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RSN

Should an obstruction result in a scrum not a penalty?

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After obstruction being quite a big issue in the sport in recent times I've come to think that it should result in a scrum for the opposition rather than a penalty.

The majority of obstructions are accidental and a lot of the time people give themselves up after doing so. They're more of a technical infringement which is very common rather than foul play.

Does anyone else agree?

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Yes, i do. Its more of an error like a knock on.

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I disagree.  It's an actively coached skill that if it comes off undetected anywhere near the try line often results in a try.  Knock ons are errors, obstuctions are usually teams doing it deliberately.  There are the really obvious mistakes of a player getting in the way accidentally and the ref should have the power to be more lenient there but the default position should be that if the ref isn't 100% sure it's accidental then it's a penalty.

 

We already have too many concessions for actively coached cheating, for example when was the last time you saw a ref penalise defences for offside with players having two feet way offside when there's a PTB close to the try line?

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Yes, i do. Its more of an error like a knock on.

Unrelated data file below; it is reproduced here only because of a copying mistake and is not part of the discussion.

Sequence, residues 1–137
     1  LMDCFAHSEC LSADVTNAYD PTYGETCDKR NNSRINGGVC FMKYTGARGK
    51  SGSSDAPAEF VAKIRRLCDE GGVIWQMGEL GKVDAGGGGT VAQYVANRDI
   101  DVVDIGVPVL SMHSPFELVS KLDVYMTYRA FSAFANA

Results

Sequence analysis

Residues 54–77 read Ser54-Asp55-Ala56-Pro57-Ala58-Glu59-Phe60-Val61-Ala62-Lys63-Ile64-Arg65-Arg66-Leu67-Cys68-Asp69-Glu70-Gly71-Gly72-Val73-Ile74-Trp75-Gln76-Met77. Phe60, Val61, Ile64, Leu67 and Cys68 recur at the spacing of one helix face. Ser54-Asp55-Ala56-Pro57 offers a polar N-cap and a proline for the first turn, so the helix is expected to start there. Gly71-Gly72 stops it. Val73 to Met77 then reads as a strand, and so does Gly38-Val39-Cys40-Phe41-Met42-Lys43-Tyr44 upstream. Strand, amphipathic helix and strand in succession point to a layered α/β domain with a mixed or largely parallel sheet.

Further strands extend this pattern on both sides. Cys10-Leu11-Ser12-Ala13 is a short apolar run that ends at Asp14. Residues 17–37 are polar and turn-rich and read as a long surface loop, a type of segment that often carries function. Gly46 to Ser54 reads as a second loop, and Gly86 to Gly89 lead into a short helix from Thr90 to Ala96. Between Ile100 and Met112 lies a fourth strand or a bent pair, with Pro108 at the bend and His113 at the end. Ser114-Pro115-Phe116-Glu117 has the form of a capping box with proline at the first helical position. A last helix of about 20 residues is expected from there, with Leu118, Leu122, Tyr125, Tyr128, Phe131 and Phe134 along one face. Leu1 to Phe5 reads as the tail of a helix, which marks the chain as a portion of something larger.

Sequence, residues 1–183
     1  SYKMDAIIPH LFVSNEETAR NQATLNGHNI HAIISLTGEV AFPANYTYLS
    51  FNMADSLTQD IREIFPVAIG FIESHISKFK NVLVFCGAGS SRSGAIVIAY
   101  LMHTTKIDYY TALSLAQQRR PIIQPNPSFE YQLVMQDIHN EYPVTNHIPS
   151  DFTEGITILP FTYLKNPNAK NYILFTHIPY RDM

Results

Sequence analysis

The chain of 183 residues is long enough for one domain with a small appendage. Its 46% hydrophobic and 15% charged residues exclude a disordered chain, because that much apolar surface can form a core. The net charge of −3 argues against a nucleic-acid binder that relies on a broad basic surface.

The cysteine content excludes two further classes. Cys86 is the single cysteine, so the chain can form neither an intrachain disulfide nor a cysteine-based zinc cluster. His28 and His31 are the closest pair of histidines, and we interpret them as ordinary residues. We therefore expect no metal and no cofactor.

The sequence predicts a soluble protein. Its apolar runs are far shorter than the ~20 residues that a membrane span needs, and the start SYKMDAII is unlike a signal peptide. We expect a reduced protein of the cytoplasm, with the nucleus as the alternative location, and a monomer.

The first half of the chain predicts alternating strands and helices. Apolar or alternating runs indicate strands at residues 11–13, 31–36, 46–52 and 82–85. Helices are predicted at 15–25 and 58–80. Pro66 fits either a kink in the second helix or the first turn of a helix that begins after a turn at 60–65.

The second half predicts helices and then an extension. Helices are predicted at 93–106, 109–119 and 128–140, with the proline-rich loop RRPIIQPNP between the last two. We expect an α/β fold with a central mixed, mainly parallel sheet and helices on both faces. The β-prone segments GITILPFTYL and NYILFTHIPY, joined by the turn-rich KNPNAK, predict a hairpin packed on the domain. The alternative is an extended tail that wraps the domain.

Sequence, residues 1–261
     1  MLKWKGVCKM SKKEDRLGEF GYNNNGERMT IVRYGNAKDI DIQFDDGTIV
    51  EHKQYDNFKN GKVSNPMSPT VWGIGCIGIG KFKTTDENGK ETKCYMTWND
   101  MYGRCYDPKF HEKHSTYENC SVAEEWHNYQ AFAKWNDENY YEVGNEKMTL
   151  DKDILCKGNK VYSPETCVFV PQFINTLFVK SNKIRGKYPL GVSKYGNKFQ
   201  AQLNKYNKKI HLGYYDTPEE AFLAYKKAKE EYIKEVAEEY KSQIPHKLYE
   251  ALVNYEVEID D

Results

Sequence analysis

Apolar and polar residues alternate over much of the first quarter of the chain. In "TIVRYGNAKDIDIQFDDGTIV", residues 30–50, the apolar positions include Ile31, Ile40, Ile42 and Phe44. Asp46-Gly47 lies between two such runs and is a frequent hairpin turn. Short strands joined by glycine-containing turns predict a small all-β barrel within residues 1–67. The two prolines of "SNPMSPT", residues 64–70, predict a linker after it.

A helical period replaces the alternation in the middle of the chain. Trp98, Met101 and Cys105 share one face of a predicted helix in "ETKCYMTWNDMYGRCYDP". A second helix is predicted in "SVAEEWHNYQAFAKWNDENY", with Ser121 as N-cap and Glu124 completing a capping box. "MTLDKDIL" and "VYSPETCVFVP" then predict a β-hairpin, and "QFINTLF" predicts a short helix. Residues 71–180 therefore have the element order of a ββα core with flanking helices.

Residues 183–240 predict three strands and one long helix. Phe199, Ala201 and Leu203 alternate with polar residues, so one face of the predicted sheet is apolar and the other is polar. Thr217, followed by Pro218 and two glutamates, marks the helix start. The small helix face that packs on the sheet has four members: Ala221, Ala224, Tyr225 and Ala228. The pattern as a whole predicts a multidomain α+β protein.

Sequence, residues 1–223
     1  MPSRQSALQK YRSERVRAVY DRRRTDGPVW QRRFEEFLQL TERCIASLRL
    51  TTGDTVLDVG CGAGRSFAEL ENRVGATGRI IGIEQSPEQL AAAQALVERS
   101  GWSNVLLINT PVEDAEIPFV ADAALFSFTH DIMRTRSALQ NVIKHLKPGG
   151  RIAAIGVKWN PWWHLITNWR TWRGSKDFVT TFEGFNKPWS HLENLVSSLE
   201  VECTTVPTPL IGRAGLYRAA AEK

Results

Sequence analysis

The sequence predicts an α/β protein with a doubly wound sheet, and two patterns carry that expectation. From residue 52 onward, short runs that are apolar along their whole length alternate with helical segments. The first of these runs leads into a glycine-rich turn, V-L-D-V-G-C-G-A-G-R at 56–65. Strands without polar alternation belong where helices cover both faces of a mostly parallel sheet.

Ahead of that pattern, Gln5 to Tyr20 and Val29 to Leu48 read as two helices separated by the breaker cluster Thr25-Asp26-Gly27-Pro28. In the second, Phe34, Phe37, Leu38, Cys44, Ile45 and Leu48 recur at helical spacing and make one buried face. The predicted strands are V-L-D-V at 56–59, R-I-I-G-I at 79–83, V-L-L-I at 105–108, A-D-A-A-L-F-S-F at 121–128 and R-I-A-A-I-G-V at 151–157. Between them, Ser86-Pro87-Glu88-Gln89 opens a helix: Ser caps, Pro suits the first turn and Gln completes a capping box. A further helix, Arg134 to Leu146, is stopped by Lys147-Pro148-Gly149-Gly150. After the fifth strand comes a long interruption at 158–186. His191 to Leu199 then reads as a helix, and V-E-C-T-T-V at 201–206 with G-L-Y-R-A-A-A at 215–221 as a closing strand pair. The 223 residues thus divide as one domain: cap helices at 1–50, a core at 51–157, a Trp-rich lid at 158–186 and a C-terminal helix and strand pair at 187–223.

what if it's on purpose or a shepherd?

 

A deliebarete knock on(now obsolete) was punishable by a penalty.

 

Obstruction by attacking players is an illegitimate gaining of advantage: penalty, or perhaps a free kick.

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Agree. The increasing planned, practiced and rehearsed use of dummy runners running diagonally across the defence is not accidental, yet does result often in obstruction.

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Accidental obstruction by the attacking side, resulting in a scrum, is in the laws of the game: a couple of examples are described. Can't remember the last time I saw a scrum given for it.

The Laws of the Game refer to active, passive and accidental obstruction, and barely mention dummy runners in front of the ball. The assumption may be that they shouldn't exist. Any attacker in front of the ball is automatically in an offside position: if the referee decides that he is interfering with play, he has to penalise him. A dummy runner in front of the ball is purposely placing himself in an offside position. He would have to be penalised if he obstructs. It would need a serious rewriting of the Laws for it to be otherwise.

This is just from a reading of the Laws. Interpretation seems to be a much more complex matter. As coaches search for ways to gain extra advantages, referees collectively have to react by re-interpreting the Laws. Dummy runners is a difficult one. It could be argued that simply by being in the line of vision of a defender, or causing a defender to differently assess his own reaction, is interfering with play. In the end, this is a basic of rugby league. Unless you've just passed it or played it, you should not be in front of the ball.